Avanade's 15 for 15 Scholarship Programme: creating possibilities for five UP students
11 May 2016
Avanade's recent announcement of the local beneficiaries of its 15 for 15 Scholarship Programme sees the company partner with the University of Pretoria (UP) to support five female students in their tertiary studies. Geared specifically towards promoting enrolment in degrees in science, technology, engineering and mathematics (STEM), the programme is being implemented across the globe to tackle some of the challenges women face in qualifying for and completing their studies.
Since access to tertiary education remains a challenge in our country, Avanade's 15 for 15 Scholarship Programme will have a significant impact on the lives of the five UP recipients of scholarships: Oratile Mokoto, Lerato Tlokane, Sharné Annette Werner, Nicolle Bernelee Abrahams and Nikita Christina dos Santos de Franca.
The programme aims to keep female students enrolled in institutions with strong STEM programmes. It is the flagship initiative of Avanade's new corporate citizenship programme, which aims to close gender-based gaps in technology and income. Speaking at Friday's scholarship announcement event at UP, John Tadman, country manager of Avanade South Africa, emphasised the company's commitment to contributing to the communities in which it operates. 'Since Avanade's vision is to be the leading digital innovator, we are proud that we can play a role in enhancing lives by providing skills and technology to women so that they may drive innovation with passion and purpose,' he said.
The 15 for 15 Scholarship Programme is expected to benefit at least 45 students globally over the next five years, with the first 15 beneficiaries having been selected from UP, University College London, and California State Polytechnic University in Pomona, USA. The inaugural beneficiaries of the scholarship were chosen based on several criteria, which emphasised the need to assist female applicants to complete their university education.
'We are very honoured to be the first African university chosen to partner with Avanade's 15 for 15 Scholarship Programme,' said Professor Cheryl de la Rey, Vice-Chancellor and Principal of UP. 'The University of Pretoria actively promotes STEM-related programmes among female students. We are therefore extremely encouraged by the high level of involvement that Avanade will be investing in our students in terms of the internship and mentoring aspects of the programme. We wish each one of these students well in their studies and are committed to supporting them as much as we can.'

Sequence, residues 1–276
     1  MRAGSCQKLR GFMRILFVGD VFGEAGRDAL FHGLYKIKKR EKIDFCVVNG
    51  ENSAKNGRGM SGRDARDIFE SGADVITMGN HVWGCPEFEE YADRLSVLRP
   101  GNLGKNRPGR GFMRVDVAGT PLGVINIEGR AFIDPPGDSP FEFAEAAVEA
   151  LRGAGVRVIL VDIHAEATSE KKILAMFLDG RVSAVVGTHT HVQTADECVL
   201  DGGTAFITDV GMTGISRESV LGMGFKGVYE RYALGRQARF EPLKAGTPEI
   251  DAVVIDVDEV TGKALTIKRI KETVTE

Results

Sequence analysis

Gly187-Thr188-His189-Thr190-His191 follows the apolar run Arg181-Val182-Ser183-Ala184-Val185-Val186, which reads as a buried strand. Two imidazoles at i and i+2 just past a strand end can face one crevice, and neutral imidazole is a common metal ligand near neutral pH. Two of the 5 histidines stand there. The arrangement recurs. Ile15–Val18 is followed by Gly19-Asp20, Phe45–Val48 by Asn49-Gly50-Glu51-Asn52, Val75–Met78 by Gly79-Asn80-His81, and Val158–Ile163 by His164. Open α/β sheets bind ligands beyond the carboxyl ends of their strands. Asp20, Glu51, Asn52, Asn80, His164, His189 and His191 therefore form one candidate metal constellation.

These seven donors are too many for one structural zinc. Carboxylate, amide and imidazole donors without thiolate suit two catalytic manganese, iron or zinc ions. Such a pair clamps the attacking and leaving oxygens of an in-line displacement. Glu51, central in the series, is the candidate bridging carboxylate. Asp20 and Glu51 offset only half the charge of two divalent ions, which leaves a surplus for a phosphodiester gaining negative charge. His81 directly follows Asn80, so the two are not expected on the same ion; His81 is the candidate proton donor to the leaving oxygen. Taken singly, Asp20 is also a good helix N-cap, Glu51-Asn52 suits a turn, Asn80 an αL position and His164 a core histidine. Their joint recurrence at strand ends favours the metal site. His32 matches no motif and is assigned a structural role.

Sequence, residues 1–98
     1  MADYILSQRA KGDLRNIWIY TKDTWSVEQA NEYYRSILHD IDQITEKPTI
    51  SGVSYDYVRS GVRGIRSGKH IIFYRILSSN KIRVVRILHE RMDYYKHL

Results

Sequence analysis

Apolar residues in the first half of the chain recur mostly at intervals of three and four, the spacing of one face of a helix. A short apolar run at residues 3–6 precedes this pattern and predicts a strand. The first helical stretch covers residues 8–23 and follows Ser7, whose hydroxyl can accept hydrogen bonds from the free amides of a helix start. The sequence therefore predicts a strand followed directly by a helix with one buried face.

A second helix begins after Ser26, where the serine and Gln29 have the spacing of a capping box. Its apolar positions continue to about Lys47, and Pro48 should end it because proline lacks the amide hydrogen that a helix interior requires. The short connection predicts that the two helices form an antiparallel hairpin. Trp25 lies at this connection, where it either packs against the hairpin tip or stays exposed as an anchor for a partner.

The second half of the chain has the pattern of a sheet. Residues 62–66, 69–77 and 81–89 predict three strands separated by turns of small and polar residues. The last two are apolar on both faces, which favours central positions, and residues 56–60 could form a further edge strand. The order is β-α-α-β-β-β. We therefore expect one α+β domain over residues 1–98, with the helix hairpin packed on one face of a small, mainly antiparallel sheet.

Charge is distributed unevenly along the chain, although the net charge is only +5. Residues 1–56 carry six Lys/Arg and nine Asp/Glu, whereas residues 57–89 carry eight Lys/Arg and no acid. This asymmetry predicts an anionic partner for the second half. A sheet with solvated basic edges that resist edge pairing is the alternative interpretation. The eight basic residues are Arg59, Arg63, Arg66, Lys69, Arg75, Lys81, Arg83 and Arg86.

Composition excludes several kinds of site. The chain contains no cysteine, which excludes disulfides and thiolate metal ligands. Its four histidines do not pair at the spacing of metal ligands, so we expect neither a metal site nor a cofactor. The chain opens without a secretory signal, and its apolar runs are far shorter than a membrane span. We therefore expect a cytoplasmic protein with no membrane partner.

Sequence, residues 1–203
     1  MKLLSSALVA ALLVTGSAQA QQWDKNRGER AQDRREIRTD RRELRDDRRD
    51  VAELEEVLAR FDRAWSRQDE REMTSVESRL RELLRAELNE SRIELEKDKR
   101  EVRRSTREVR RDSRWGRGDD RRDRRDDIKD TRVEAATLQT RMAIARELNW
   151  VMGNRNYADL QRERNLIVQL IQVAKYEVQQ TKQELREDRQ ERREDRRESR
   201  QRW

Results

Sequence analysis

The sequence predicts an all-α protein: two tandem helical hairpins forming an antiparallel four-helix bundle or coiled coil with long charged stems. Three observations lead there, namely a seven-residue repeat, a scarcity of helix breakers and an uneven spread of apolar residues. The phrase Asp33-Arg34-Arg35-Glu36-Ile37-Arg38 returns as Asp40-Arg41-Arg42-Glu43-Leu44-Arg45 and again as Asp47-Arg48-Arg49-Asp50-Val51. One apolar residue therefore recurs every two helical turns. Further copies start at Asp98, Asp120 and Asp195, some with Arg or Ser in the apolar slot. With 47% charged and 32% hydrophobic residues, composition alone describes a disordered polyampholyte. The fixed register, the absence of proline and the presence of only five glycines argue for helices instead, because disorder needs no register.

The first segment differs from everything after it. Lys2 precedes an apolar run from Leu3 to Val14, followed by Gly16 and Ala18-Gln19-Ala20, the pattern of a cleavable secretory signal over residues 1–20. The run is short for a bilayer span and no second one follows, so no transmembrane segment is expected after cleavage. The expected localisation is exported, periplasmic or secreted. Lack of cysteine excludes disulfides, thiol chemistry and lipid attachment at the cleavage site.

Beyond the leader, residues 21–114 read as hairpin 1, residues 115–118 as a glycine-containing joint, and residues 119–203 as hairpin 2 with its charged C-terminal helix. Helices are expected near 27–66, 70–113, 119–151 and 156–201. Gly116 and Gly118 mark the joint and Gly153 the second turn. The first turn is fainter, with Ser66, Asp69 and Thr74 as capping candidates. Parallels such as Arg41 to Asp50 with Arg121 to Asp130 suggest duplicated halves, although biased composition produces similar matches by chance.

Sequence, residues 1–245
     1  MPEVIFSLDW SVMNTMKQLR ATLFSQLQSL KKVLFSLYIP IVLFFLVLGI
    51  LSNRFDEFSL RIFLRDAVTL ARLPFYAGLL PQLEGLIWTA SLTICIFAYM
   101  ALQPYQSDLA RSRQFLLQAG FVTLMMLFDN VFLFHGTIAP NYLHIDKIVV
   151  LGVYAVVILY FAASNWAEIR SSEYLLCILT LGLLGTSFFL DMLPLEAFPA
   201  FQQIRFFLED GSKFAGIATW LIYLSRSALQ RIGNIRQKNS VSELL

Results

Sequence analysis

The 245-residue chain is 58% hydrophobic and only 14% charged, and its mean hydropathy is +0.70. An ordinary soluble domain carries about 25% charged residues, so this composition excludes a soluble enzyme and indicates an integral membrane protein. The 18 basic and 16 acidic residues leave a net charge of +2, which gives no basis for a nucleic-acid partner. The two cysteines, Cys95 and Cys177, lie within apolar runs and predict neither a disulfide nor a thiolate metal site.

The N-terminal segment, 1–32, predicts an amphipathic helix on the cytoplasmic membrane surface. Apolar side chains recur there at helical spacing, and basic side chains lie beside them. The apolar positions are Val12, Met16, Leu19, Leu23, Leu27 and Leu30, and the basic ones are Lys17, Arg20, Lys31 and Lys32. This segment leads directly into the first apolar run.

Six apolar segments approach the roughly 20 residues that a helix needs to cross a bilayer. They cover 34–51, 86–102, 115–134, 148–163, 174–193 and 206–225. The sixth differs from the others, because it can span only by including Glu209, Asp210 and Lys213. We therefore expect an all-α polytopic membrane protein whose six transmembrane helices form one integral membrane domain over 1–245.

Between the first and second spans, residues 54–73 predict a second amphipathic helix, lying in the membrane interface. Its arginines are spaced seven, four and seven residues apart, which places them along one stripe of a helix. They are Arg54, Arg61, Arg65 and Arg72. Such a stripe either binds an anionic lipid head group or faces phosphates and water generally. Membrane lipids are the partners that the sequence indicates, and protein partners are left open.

While registering for and completing of STEM-related qualifications is imperative in driving the country's future growth and development, research by Higher Education SA (HESA)1, a Section 21 company that represents all 23 public universities and technikons in South Africa, shows that STEM-related drop-out rates escalated significantly in recent years. 'At certain institutions, STEM drop-out rates are currently as high as 35%, with the bulk of those deregistering doing so in their first year of study,' notes Tadman. 'In South Africa, one of the main reasons cited for dropping out is financial constraints – students enrol but lack the funding to see them through. Other factors include a lack of academic preparedness and students not receiving appropriate support from universities and/or their families. Female students are often more acutely affected by these factors.'
Avanade's partnership with UP is structured to overcome the barriers faced by South African women in completing their university education. 'As partners in the project, Avanade will work with UP to provide our five South African scholarship beneficiaries with financial support and mentoring, and to give them access to the university's alumni network. In addition, we shall offer them internships and the opportunity to gain work experience at the company, equipping them to embark on fulfilling careers,' concludes Tadman.
 According to research cited on eNCA and Moneyweb, available at https://www.enca.com/south-africa/student-dropout-rate-high and http://www.moneyweb.co.za/archive/south-africas-high-university-dropout-rates/.
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From left to right: Sharné Annette Werner, Nicolle Bernelee Abrahams, Nikita Christina dos Santos de Franca, Oratile Mokoto and Lerato Tlokane